The Iowa Gold Star Military Museum at Camp Dodge has events planned Saturday to observe the 70th anniversary of the Battle of the Bulge. The battle began on December 16th in a last gasp effort by the Germans to defeat the allies in Europe.
Museum curator Mike Vogt says they’ll begin the observance at 10 A.M. and will honor veterans from the Battle of the Bulge. The have been able to locate three Iowans who were in the battle.
“They will receive a certificate recognizing the Army’s largest battle in World War Two in Europe,” Vogt says. He says they will have a program discussing the battle and it’s significance. “What happened, where and when and why. We’ll have some reenactors wearing reproduction World War Two equipment and weapons to explain to visitors how soldiers were dressed — how cold was as big an enemy almost to the Germans at that time,” Vogt says.
The Germans massed their troops under the cover of the weather and then launched the attack. “The battle got its name from the bulge created westward into the allied lines during the war. And they advanced quite a way westward through the American lines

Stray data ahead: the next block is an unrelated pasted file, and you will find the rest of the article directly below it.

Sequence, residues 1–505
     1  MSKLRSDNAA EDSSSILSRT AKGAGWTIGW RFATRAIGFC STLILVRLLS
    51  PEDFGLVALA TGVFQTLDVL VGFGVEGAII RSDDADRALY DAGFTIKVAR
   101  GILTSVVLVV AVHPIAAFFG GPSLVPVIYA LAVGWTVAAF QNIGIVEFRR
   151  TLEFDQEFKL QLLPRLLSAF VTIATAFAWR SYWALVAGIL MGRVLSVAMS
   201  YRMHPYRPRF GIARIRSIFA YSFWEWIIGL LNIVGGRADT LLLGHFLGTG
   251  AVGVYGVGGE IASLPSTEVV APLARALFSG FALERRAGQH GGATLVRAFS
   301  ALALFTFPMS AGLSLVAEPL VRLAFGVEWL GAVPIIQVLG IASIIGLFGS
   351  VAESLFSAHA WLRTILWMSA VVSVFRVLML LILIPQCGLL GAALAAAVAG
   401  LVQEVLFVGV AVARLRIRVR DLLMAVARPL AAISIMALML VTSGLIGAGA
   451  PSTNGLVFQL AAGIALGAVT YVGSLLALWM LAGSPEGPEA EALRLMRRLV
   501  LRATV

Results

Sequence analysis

into the Ardennes forest,” Vogt says. The area where the attack took place was considered a quiet area where troops were getting some time off from the front lines.
Vogt says the allied commanders had some intelligence that the Germans were up to something, but thought the terrain of the area made an attack unlikely as the roads weren’t good and it is heavily wooded. But the Germans pulled off the attack.
Vogt says there is no way of knowing exactly how many Iowans may’ve taken part in the battle, but they will have a display in the museum. “We do have in our collection some photos and some materials from Iowans who served in the Battle of the Bulge, and some stories. And we also have a German sub-machine gun that was picked up in the Ardennes Forest after the battle,” Vogt says.
One piece of Iowa history sticks out for Vogt. “An olive drab standard-issue Army shirt that has five holes torn in it from machine guns bullets guy name John Phillips who is now deceased, he lived to an old age, was caught in an ambush,” Vogt says. He says one of the bullets hit a bible in Phillip’s pocket and that bible which is on display with the shirt, is believed to have save his life. An official report by the U.S. Department of the Army lists 108,347 U.S. casualties during the battle, including 19,246 killed, 62,489 wounded, and 26,612 captured or missing.
The German High Command’s official figure for the campaign was 84,834 German casualties. Other estimates range between 60,000 and 100,000 for German casualties. Visitors can enter Camp Dodge through the main gate A photo I.D. is required for for individuals 16 years of age and older. Museum admission is free.